“If you do your homework and preparation, like I was able to do this year, your early-season hunts can really pay off. People have always had it in their heads that the end of October and November, during the rut, are the best months to hunt. But there are a lot of disadvantages to hunting the rut. Sure, the rut is fun and there’s a lot of activity, but the deer aren’t patternable, so you have to try to figure things out as you go. Plus, their antlers are often broken up. Early-season deer are more docile, easier to pattern and less pressured, so your odds of success are better. Just watch your cameras. They’ll tell the story.”
Some hunters skip the early season because of the hot weather. “The deer have to go about their lives, whether it’s 95 degrees or minus 5 degrees, so you might as well get out there too,” Turner says. “Plus, one of the big advantages, in my opinion to hunting the early season, is you get to sleep in because the deer aren’t as active in the early mornings. They’re bedded down during much of the day trying to stay cool. They come out to feed in the late afternoon, so you can take your time getting to your stand or blind.”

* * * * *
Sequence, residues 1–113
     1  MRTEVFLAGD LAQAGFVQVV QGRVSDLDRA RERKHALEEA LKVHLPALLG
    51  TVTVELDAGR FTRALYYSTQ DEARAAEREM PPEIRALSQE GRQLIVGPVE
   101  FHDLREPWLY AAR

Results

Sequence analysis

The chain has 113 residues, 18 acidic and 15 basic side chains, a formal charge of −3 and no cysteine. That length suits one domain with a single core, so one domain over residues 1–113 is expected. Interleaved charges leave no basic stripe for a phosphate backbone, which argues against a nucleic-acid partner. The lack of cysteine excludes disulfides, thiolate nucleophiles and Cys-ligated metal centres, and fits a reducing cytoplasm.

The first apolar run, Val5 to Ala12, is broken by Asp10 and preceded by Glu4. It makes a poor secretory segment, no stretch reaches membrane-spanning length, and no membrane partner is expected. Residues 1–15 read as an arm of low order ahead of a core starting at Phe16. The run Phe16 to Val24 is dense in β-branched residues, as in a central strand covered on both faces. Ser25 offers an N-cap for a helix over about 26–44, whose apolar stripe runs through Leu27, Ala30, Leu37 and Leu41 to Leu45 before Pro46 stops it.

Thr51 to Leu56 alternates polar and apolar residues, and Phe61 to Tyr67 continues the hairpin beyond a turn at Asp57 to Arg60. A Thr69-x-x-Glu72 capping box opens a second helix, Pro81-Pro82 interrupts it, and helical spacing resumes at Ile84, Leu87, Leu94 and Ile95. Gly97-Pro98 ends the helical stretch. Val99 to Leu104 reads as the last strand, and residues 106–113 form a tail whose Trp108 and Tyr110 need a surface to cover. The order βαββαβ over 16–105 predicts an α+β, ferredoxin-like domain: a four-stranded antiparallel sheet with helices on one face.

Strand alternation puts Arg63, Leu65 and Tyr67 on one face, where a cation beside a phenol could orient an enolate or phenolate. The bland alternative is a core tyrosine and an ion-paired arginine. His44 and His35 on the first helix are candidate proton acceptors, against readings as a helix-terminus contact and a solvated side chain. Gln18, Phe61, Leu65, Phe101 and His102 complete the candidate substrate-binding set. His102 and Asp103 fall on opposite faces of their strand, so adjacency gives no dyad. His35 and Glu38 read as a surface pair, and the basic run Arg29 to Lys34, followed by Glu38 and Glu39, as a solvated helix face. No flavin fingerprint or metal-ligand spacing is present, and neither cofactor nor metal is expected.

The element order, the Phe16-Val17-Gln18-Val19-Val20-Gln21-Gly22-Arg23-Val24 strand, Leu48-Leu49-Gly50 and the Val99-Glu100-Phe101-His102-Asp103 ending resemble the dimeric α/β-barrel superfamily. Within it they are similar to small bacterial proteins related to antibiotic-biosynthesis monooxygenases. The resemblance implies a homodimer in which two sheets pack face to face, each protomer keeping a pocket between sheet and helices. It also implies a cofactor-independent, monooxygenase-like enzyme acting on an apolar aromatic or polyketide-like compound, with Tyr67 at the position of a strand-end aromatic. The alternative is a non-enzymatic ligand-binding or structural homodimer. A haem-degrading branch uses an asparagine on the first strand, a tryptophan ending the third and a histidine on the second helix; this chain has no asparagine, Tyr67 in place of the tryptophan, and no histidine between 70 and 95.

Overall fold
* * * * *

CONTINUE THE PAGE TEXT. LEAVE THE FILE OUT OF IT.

Home Sweet Home
Turner says the enviable success on his own property this year has made him rethink his typical busy travel schedule.
“I now realize I don’t have to travel as much as I do to take big deer and enjoy a great season of hunting. But don’t get me wrong, I really like to travel and I like my busy schedule. It was just nice to have a chance to spend more time at home with my family and reset.”
Even though he still plans to travel in the seasons ahead, Turner says he’s going to start saying ‘no’ just a bit more, too. “Life is too short and I’ve spent much of it on the road,” he says. “In the early 1990s I was traveling the country competing in archery tournaments, and then in the early 2000s I started traveling for the hunting industry. I’ve made it over the hump and I’m on the back hillside, so I don’t feel as pressured as I did when I was just getting started.”
He says in addition to enjoying his time at home, the pandemic has given him a new appreciation for the outdoor industry and opportunities. “It seems like the outdoor industry is having a banner year. Bow sales are up. Gun sales are up. People are rediscovering the outdoors. Yeah, COVID is bad, but we in the outdoor community needed a shake-up. For my family and me, it’s been a great reset. And as a whole, I think people are seeing that the one thing you can always count on is the outdoors.”